What does this mean???  His delivery partner came into my house and the two of them explained that they could not remove my old fridge because there was no water shutoff t-valve on the back of the unit.  And correcting that was something they are not authorized to do.

I stood there in my kitchen, looked at the two guys, looked at my fridge and just said FUCK.

What did it all come down to?  A fucking t-valve. Fuckety fuck fuck fuck.

And how fucking ironic that it was this SAME company's delivery people who installed this very water line those 8 years ago!  Now, due to liability they can't do that any longer, and due to code changes that work isn't even acceptable any longer!  Can you believe this, people?  I explained this to them and who knows if they understood or cared.  I know it's not their fault.  Times change and I'm pretty much a ditz with how things are supposed to be installed and set up.  They're just supposed to WORK, dammit!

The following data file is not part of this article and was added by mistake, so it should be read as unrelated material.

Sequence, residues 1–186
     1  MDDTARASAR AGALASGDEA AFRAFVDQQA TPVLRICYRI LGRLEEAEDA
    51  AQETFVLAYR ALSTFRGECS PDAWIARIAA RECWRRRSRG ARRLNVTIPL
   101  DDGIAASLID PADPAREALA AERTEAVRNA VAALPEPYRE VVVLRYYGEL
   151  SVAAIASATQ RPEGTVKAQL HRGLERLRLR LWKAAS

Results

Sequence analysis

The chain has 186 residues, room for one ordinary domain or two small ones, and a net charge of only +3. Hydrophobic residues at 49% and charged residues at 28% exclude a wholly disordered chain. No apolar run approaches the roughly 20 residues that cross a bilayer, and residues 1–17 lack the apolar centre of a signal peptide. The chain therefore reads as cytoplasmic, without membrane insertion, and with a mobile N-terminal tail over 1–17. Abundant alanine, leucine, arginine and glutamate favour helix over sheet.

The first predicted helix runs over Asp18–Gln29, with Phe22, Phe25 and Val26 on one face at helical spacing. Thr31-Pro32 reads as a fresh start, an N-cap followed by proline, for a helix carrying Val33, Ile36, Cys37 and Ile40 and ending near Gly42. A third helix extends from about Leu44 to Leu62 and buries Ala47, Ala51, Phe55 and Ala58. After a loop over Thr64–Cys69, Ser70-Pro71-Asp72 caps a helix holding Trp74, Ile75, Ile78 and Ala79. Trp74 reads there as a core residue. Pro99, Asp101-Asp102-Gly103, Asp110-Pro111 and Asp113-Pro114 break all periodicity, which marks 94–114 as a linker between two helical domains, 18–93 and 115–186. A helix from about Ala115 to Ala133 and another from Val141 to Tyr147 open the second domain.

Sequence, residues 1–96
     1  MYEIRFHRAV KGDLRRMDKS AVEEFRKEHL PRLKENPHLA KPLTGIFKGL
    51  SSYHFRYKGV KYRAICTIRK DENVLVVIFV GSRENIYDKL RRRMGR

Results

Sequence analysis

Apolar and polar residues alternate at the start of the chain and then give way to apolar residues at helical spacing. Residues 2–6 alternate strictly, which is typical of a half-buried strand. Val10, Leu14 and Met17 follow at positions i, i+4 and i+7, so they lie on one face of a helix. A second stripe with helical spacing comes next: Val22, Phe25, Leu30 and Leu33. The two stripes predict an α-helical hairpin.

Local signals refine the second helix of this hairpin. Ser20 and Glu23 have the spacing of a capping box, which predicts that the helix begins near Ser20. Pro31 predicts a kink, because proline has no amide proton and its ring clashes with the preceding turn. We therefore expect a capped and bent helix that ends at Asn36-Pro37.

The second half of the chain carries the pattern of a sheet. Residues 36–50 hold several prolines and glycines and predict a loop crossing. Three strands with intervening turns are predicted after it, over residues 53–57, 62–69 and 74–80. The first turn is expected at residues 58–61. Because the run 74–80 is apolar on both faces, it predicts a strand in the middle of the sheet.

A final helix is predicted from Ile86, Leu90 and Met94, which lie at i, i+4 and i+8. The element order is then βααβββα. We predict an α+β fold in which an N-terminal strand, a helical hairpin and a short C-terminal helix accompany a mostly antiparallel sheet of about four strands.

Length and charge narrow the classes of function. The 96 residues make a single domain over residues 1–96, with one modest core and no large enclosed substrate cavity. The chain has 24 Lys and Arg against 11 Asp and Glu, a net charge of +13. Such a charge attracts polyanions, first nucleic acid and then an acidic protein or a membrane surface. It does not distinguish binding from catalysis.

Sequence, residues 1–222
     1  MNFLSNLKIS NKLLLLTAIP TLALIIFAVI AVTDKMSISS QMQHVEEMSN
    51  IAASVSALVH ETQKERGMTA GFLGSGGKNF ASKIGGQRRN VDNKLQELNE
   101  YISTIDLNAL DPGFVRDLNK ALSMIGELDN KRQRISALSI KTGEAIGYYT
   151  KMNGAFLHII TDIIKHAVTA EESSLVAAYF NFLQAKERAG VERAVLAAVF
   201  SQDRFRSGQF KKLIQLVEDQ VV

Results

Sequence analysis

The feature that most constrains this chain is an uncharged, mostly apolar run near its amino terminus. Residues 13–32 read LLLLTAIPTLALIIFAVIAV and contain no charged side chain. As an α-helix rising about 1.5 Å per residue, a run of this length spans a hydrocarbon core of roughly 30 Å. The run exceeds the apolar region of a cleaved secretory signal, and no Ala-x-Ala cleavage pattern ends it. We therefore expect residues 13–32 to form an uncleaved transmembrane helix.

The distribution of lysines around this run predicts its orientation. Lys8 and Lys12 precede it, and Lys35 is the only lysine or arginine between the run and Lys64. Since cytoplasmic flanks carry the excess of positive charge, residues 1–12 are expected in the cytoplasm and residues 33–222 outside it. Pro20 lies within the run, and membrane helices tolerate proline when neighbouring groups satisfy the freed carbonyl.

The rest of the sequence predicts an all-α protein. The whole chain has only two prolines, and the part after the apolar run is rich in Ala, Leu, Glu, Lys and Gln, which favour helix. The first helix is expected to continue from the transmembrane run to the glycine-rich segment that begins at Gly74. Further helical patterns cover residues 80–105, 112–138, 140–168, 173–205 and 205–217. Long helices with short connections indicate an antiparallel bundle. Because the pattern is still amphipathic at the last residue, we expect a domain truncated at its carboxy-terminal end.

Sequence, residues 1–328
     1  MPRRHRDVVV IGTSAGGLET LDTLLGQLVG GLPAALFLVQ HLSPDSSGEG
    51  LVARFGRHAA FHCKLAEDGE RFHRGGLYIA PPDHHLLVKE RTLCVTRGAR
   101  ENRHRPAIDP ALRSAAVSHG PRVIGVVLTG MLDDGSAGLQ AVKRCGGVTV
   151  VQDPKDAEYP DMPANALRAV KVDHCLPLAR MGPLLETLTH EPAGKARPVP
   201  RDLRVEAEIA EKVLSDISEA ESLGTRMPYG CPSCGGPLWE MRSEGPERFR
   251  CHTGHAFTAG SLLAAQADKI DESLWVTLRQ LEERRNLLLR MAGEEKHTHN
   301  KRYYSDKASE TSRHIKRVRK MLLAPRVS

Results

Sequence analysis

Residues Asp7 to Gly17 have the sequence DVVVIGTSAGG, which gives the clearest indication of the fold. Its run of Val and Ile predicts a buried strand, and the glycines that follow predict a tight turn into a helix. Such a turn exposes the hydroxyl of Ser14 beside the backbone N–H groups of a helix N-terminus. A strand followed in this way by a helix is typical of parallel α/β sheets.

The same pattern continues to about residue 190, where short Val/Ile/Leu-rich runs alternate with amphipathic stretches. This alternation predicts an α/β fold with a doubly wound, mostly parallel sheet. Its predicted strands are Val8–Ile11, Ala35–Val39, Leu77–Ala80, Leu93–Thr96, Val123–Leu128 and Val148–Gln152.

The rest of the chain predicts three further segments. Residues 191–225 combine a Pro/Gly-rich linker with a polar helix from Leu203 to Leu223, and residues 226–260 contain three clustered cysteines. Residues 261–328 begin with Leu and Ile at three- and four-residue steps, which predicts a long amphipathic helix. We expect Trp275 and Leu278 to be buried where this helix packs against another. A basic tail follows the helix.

And how ironic a 22 cubic foot machine that was once a fabulous refrigerator has now been reduced to a disgustingly huge mold-hosting box, all for the sake of a missing t-valve water shut-off switch.  Which is likely going to be $100+ for me to have a plumber come out and install on an already now worthless old fridge.  I've got a voicemail into the guy who's done a lot of small repair projects for me over the years so hopefully he is around and can help.

So...in the meantime we put the new fridge down in my garage, one floor down from my kitchen.  It's plugged in and nice and cool inside, but I am reluctant to re-stock it with food.  Because once I get the t-valve on the old fridge installed I will then have to have the delivery guys come back, remove my old fridge and move the new one from the garage up to the kitchen where it belongs.  So I'll have to empty out the new fridge beforehand.  Believe me, they are coming back to fix this problem for free - no question there.